Last July, the United States Marine Corps declared their short takeoff/vertical-landing (STOVL) version of the stealthy Lockheed Martin F-35B Joint Strike Fighter operational. However, a new Pentagon operational test and evaluation report shows that the jet is far from ready. Even at the time, many had suspected that the service’s initial operational capability (IOC) was more hope than reality—now there is data to back that up.
In his annual report, the Pentagon’s Director of Operational Test and Evaluation Dr. J. Michael Gilmore summarized:
“The program terminated Block 2B developmental flight testing in May 2015, delivering Block 2B capability with deficiencies and limited combat capability. The Marine Corps declared IOC at the end of July 2015. However, if used in combat, the Block 2B F-35 will need support from command and control elements to avoid threats, assist in target acquisition, and control weapons employment for the limited weapons carriage available (i.e., two bombs, two air-to-air missiles). Block 2B deficiencies in fusion, electronic warfare, and weapons employment result in ambiguous threat displays, limited ability to respond to threats, and a requirement for off-board sources to provide accurate coordinates for precision attack. Since Block 2B F-35 aircraft are limited to two air-to-air missiles, they will require other support if operations are contested by enemy fighter aircraft. The program deferred deficiencies and weapons delivery accuracy (WDA) test events from Block 2B to Block 3i and Block 3F, a necessary move in order to transition the testing enterprise to support Block 3i flight testing and Block 3F development, both of which began later than planned in the program’s Integrated Master Schedule (IMS).”
According to Gilmore’s report, the problems with the Block 2B software were so difficult that those technical hiccups were transferred to the subsequent Block 3i software, which the U.S. Air Force needs for its initial operational capability date later this year. The Block 3i was originally intended to be a simple port of the Block 2B software to avionics hardware onboard newer F-35s, but the deficiencies were so severe that the Air Force refused to accept the code as is.
“The Air Force insisted on fixes for five of the most severe deficiencies inherited from Block 2B as a prerequisite to use the final Block 3i capability in the Air Force IOC aircraft; Air Force IOC is currently planned for August 2016 (objective) or December 2016 (threshold),” states the DOT&E report.
“However,” Gilmore’s report adds, “Block 3i struggled during developmental testing (DT), due to the inherited deficiencies and new avionics stability problems. Based on these Block 3i performance issues, the Air Force briefed that Block 3i mission capability is at risk of not meeting IOC criteria to the Joint Requirements Oversight Council (JROC) in December 2015.”
According to the report:
“The Five mission systems deficiencies were identified by the Air Force as ‘must fix’ for the final Block 3i software release, while the Marine Corps did not require the deficiencies to be fixed in Block 2B. These deficiencies were associated with information displayed to the pilot in the cockpit concerning performance and accuracy of mission systems functions related to weapon targeting, radar tracking, status of fused battlespace awareness data, health of the integrated core processors, and health of the radar. Another deficiency was associated with the time it takes to download files in order to conduct a mission assessment and debriefing.”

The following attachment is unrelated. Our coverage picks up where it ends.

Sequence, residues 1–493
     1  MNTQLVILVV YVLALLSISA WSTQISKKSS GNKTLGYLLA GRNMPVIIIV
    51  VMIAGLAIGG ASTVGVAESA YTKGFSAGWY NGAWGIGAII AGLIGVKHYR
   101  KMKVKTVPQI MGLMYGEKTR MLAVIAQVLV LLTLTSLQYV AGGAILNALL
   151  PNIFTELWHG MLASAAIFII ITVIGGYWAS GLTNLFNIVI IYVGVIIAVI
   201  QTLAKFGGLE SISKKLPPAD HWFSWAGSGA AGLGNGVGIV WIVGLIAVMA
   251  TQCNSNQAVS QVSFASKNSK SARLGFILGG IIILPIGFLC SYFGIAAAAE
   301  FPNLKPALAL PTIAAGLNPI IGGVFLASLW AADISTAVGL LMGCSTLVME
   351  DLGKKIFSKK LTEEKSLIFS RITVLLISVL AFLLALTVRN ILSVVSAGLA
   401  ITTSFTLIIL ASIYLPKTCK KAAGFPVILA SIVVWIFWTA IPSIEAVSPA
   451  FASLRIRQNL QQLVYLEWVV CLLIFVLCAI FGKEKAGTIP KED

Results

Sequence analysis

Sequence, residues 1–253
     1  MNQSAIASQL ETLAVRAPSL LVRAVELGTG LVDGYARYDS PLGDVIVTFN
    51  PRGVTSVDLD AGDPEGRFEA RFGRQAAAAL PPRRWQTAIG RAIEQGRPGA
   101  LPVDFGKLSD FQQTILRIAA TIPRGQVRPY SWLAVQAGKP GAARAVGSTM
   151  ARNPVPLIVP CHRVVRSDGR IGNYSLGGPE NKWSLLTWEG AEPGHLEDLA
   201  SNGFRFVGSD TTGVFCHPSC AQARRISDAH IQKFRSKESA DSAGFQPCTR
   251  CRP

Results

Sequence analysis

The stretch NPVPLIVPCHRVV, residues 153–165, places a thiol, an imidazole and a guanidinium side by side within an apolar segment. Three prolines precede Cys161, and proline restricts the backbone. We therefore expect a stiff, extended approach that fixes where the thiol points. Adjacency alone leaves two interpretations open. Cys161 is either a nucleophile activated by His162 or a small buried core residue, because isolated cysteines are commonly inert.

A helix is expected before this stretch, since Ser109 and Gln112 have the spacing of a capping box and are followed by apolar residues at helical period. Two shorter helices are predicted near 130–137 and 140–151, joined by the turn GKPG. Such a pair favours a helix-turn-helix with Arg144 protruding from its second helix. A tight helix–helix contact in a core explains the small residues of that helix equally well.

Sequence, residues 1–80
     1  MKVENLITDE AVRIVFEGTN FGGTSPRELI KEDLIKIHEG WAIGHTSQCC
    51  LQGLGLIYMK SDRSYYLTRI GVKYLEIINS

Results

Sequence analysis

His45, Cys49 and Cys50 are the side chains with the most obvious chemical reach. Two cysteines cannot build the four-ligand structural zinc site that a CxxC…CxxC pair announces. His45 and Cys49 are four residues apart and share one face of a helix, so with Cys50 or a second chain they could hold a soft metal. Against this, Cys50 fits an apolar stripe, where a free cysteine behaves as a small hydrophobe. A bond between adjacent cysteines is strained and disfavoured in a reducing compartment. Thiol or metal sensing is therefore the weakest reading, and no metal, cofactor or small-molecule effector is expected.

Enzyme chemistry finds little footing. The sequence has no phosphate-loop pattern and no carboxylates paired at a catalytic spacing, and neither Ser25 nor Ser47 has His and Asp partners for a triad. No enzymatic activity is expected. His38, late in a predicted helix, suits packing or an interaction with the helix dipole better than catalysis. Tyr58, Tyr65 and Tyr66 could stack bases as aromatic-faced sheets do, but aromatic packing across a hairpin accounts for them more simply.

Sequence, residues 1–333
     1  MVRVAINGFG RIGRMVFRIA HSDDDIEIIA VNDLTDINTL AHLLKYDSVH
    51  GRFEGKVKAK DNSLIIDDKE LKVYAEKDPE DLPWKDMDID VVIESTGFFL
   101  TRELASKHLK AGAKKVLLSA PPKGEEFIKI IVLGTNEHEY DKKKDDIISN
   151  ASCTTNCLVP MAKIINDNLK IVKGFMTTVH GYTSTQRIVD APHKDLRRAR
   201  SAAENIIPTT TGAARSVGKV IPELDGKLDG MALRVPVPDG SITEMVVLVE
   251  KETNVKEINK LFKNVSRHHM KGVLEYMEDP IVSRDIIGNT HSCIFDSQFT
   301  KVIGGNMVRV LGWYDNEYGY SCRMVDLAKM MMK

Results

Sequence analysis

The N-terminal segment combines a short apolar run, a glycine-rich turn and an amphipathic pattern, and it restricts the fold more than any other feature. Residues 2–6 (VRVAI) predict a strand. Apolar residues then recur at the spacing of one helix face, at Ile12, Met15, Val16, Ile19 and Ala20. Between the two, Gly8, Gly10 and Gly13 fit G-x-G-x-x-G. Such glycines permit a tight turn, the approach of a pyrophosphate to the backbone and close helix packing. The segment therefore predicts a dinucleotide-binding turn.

Moreover, the final Block 3F software is almost certain to be late. The DOT&E report states:
“Full Block 3F mission systems development and testing cannot be completed by May 2017, the date reflected in the most recent Program Office schedule, which is seven months later than the date planned after the 2012 restructure of the program. Although the program has recently acknowledged some schedule pressure and began referencing July 31, 2017, as the end of SDD flight test, that date is unrealistic as well. Instead, the program will likely not finish Block 3F development and flight testing prior to January 2018.”
Meanwhile, the F-35B Block 2B and the other two variants face severe flight envelope restrictions. “Fleet F-35B aircraft are limited to 3.0 g’s when fully fueled and the allowable g is increased as fuel is consumed, reaching the full Block 2B envelope of 5.5 g’s at roughly 63 percent of fuel remaining,” the report states. The F-35B’s full 7g envelop won’t be released until 2017. The other two variants face similar but slightly different restrictions.
Gilmore’s report also reveal another bit of insight which the F-35 Joint Program Office does not readily admit—the development effort is deferring capabilities in an attempt to meet its schedule: “JSF follow-on development will integrate additional capabilities in Block 4, address deferrals from Block 3F to Block 4, and correct deficiencies discovered during Block 3F development and IOT&E.”
While Gilmore’s report is gloomy—it’s still a fact of life that the F-35 is here to stay. Despite the jet’s many problems and myriad schedule slips, the Pentagon is accelerating the program and launching a block buy even before testing is complete. In recent days, the Pentagon has ordered a reluctant U.S. Navy to convert its Unmanned Carrier Launched Airborne Surveillance and Strike aircraft into an aerial refueling tanker while accelerating F-35C purchases. As ever, the $400 billion F-35 Goliath awkwardly stumbles forward.
Dave Majumdar is the defense editor for the National Interest. You can follow him on Twitter: @davemajumdar.
Image: Wikimedia Commons/U.S. Air Force.